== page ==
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Over on Twitter, Scholes’ ex-team-mate Rio Ferdinand dispensed with feigned serious analysis and openly mocked non-attending Blues. He tweeted “Big CL game and fans would rather watch Ramsey’s Kitchen”.

Is it only me who finds it somewhat sick when multi-millionaires ridicule those who currently don’t have a pot to p**s in through a bleak economy? Yet this is fast becoming the norm and is occurring unchallenged in a new narrative where Sky, Murdoch, and the Premier League are no longer the villains of what the sport has become. Rather it is us, the life and blood of the game, who are now apparently to blame for the banality of what passes for modern football.

That City match is particularly pertinent to myself. As a Blue I have travelled the length and breadth of the country watching pre-takeover dross and post-takeover wonderment. On this occasion two simultaneous bills arriving the day before the game meant I had a straightforward choice to make –attend the Roma game or eat that week. How was your pre-match hors d’oeuvres Mr Scholes?

We’ve also recently seen Jose Mourinho turn on his own fans for their apparent lack of atmosphere, while Emmanuel Adebayor took matters into the realms of the surreal by chiming in with criticism of Spurs fans.

When a player on £200k a week who is known for putting in the minimum of effort – and only then when the mood takes him - feels he can slag off supporters for enthusiastic shortcomings, you just know the game is up.

There isn’t even solid grounding to the claims. While the average price of a Premier League matchday ticket has risen 15% since 2011 attendances continue to rise with grounds 96% full last term, an increase of 2.1% from the previous year.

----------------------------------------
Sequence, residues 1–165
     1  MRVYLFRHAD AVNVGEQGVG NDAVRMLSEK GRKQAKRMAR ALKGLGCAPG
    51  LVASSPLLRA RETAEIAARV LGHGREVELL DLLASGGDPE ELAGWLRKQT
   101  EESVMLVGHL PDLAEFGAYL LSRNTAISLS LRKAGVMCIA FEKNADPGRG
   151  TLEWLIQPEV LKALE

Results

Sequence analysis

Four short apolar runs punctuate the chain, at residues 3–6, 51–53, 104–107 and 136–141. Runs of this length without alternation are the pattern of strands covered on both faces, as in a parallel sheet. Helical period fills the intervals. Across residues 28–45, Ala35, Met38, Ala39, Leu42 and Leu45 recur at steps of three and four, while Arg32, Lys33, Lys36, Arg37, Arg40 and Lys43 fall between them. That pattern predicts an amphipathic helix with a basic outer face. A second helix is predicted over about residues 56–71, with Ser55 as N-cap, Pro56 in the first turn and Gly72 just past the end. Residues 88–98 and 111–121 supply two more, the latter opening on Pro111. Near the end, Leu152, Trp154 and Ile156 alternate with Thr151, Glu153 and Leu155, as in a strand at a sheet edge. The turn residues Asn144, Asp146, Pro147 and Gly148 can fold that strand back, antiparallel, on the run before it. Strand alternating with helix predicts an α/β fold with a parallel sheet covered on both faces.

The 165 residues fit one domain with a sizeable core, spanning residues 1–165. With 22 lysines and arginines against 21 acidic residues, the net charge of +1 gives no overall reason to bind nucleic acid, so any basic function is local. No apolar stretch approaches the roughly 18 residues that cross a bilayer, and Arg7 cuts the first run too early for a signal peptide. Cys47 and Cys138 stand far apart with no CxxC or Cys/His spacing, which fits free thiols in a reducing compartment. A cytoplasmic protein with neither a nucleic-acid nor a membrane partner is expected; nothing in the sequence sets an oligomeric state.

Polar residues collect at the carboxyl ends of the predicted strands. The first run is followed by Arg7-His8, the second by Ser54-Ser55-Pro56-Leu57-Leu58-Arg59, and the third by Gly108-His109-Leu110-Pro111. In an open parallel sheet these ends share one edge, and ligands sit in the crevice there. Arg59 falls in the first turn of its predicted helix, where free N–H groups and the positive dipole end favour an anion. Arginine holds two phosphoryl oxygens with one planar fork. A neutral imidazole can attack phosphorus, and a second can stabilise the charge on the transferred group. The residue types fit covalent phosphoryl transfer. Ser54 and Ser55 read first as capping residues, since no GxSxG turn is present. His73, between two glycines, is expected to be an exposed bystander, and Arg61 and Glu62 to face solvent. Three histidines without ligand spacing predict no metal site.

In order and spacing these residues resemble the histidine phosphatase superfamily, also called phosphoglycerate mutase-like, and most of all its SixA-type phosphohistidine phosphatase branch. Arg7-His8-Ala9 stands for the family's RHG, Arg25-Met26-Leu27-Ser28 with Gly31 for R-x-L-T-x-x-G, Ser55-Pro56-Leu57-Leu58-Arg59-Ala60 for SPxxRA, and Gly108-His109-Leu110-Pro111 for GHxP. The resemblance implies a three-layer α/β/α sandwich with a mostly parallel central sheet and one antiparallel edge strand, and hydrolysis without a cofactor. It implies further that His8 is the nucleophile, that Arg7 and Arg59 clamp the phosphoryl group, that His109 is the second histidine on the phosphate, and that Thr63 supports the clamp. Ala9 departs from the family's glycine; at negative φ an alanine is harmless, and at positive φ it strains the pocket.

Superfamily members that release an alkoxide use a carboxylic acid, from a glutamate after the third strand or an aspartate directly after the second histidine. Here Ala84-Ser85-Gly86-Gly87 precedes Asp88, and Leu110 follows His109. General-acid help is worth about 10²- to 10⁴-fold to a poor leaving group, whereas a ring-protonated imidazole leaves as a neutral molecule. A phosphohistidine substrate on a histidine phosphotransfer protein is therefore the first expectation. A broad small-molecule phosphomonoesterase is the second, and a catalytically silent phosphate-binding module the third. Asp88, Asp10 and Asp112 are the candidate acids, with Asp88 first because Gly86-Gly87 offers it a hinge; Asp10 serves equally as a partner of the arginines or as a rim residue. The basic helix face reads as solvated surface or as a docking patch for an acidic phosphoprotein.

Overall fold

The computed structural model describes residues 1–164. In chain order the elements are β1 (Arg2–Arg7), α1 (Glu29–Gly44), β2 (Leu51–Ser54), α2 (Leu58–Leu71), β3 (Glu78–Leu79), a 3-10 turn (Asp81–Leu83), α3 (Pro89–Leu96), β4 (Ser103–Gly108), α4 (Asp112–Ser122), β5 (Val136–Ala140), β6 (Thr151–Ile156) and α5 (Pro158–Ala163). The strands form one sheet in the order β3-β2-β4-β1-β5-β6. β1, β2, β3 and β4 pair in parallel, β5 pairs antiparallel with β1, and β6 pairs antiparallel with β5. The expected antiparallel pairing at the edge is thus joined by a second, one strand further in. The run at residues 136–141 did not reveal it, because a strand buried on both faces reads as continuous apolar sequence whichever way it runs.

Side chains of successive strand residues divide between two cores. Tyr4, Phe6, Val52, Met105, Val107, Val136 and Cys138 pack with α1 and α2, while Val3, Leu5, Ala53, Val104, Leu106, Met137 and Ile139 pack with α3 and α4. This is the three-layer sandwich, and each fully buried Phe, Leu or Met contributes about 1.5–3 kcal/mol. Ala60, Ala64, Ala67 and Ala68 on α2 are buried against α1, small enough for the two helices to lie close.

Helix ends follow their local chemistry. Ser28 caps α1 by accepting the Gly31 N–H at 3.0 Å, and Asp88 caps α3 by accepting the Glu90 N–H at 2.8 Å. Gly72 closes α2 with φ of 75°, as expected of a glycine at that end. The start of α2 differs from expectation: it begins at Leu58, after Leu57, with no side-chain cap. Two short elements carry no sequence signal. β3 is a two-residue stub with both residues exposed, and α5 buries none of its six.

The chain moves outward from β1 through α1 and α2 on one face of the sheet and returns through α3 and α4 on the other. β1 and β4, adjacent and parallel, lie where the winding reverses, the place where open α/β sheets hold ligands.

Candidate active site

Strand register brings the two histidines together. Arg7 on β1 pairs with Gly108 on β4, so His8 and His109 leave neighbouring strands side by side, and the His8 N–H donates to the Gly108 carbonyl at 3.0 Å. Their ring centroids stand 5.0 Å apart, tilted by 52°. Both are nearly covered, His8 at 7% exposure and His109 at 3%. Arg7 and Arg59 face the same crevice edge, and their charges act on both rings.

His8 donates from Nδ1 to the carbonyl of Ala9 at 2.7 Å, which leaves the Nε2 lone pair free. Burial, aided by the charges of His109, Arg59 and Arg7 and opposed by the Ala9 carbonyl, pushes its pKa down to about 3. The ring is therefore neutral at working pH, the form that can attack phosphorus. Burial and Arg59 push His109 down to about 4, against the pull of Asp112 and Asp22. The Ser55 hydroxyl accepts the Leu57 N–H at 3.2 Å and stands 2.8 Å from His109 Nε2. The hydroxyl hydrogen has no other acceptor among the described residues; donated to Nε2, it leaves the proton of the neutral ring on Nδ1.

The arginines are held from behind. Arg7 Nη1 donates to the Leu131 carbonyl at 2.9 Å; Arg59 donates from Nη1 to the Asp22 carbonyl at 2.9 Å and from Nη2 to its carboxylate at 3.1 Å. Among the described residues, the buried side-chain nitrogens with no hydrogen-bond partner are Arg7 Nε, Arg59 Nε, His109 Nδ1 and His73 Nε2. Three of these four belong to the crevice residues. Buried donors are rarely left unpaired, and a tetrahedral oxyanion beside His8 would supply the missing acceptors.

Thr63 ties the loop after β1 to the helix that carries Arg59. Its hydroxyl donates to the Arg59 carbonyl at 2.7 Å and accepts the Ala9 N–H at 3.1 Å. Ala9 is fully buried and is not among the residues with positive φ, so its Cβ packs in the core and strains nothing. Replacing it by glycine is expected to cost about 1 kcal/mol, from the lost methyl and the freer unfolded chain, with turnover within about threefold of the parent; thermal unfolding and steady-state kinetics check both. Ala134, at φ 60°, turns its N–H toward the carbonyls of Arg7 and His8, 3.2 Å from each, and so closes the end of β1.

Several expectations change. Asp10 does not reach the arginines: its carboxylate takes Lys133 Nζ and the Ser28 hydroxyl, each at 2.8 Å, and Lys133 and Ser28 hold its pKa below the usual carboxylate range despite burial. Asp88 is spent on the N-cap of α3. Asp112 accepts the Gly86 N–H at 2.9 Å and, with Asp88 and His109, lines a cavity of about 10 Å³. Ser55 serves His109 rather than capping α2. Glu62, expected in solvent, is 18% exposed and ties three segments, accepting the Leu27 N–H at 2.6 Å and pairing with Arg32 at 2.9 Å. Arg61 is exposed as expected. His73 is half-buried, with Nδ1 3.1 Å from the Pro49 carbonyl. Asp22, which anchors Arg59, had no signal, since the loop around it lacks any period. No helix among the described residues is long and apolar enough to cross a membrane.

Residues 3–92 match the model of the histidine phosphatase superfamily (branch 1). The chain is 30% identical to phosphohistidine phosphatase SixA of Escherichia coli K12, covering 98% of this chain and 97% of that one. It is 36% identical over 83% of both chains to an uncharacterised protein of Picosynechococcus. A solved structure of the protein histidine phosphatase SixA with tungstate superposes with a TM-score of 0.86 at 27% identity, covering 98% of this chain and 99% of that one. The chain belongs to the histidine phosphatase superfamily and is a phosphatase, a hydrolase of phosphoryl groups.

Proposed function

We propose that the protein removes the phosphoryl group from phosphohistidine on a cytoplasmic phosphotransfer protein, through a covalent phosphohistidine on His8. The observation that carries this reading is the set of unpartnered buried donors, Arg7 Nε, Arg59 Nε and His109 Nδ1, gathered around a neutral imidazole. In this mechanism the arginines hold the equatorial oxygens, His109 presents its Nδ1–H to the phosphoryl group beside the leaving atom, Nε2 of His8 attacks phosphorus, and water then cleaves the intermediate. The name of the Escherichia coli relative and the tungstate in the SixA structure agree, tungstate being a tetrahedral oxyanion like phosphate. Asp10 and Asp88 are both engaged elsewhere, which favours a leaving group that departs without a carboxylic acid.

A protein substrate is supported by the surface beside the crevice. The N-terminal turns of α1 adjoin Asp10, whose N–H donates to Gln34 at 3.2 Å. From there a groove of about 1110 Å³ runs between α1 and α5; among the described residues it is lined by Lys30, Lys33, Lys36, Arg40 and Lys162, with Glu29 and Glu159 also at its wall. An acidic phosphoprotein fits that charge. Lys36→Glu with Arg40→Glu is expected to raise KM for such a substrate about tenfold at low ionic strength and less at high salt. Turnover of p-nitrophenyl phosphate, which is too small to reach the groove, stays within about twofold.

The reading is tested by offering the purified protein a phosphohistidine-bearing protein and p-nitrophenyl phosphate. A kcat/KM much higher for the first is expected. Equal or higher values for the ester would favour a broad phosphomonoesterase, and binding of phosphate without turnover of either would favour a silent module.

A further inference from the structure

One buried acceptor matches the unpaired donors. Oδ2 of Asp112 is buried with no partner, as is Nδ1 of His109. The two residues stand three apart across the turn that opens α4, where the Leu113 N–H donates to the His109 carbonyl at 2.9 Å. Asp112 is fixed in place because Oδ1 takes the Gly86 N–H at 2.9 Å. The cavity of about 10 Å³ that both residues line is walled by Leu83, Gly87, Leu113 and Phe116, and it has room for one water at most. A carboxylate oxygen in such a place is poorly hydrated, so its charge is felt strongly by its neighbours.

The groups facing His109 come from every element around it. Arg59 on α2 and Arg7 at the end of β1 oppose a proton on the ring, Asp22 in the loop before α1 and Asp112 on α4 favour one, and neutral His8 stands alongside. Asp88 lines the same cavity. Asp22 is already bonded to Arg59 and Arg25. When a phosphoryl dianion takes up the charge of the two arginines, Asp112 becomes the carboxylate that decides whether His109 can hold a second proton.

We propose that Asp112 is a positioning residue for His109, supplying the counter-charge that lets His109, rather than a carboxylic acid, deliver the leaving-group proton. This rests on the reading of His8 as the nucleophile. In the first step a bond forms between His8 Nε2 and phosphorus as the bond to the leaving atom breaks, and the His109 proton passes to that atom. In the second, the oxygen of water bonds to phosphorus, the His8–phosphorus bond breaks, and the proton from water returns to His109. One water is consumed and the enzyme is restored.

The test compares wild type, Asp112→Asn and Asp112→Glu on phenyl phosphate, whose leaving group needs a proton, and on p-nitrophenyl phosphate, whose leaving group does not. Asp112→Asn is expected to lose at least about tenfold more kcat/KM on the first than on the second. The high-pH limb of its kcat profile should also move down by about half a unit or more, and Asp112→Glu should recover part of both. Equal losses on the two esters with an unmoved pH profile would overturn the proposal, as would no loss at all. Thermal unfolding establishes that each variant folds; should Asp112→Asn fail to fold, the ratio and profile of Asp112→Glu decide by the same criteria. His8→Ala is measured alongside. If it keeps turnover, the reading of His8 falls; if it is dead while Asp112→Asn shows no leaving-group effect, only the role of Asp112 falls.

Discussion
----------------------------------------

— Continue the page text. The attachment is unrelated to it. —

As for atmosphere it is impossible to use statistical data to assess whether it is indeed quieter. But anyone who has attended a PL game in recent years will know all-too-well that everything is stacked against us in this regard.

When clubs threaten you with eviction if you have the temerity to stand – or even shout or become agitated in some cases – it is extremely difficult to rouse an electric atmosphere sitting in the plastic, sterile environment of someone else’s making.

Throughout the years we have been caged like animals, demonised as the scourge of society, baton-charged by foreign police, fleeced stupid, overcharged and under-appreciated. We are not taking the fall for this one.

The next time a club’s fanbase receives criticism for not filling its ground and jumping about wildly at a ludicrously-paid striker going through the motions, refrain from joining in.

Stymie your every instinct to ‘bantz’ a rival. Instead consider the source. A manager with a motivational agenda. A deluded player living in a fantasy world. An ex-player pathetically trying to gain a reputation for straight-shooting. A media thoroughly bored of the old narrative. And overall a depressing reversion to assumed type that somehow the supporters are always to blame.

A longer version of this article originally appeared at The Daisy Cutter